3 Natural Antibiotics Already in Your Kitchen
When you get sick, what do you do? If you’re like millions of Americans, you call the doctor at the first sign of a sniffle. You may run out to the aptly named drug store to get a quick-fix. But as a student of natural health, you are likely more interested in the potential healers you can find in your own kitchen, health food store, or garden. Fortunately, there are many, and several of them can actually work as natural antibiotics.
The benefits these items have over those approved by the conventional medical industry is that they can deliver the goods without a laundry list of side effects. Here are 3 natural antibiotics that may already be in your kitchen.
1. Oregano Oil
Also called oil of oregano, this oil can do everything from aid in weight loss to help digestion. But one of its most notable benefits is found in the ability to fight infection. Carvacrol, a phenol present in the oil, works to kill bacteria and illness causing infections.
The power of oregano oil has most notably been tested in food preparation practices, where it is able to help control food-borne pathogens and bacteria. It’s also shown promise in treating infections of the digestive system and candida albicans, a yeast infection of the gut. Truly, oil of oregano uses are many.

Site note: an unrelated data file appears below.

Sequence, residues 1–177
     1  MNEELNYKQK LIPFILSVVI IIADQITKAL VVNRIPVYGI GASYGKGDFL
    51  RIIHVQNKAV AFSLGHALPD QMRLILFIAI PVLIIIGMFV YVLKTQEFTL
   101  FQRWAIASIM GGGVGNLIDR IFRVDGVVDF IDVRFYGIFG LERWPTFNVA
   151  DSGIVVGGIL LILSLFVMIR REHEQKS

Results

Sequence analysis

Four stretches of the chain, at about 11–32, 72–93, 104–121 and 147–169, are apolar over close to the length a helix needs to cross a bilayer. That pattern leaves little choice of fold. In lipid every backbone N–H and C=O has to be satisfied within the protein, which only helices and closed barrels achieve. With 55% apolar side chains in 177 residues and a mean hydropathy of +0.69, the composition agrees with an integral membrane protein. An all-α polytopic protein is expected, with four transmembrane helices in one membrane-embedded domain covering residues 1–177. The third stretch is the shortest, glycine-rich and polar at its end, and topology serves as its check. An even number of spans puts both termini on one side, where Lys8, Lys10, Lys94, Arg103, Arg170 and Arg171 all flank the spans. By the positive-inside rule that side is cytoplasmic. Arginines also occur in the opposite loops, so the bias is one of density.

Another super-powered food source is garlic, most recognized for its anti-cancer benefits. But garlic is also able to fight simple viruses like the common cold. It does this with the use of allicin, the compound in garlic responsible for its smell as well as its benefits. As reported by Paul Fassa, one milligram of allicin is “nearly 15x as potent as penicillin”, protecting against parasites, yeast, viruses, bacteria, and even antibiotic-resistant superbug MRSA.
A powerful healing herb, Echinacea has become so accepted as a natural treatment that you can find it in many prepared teas from even the most commercial brands. One of the latest studies on the power of Echinacea found that those who took the herb for four months had a lower incidence of cold than a control group, and the average duration of their colds (when they did occur) decreased by 26 percent. Further research has indicated Echinacea has similar effects on the flu virus. Herbalists recommend taking Echinacea as a preventative method rather than a treatment, however.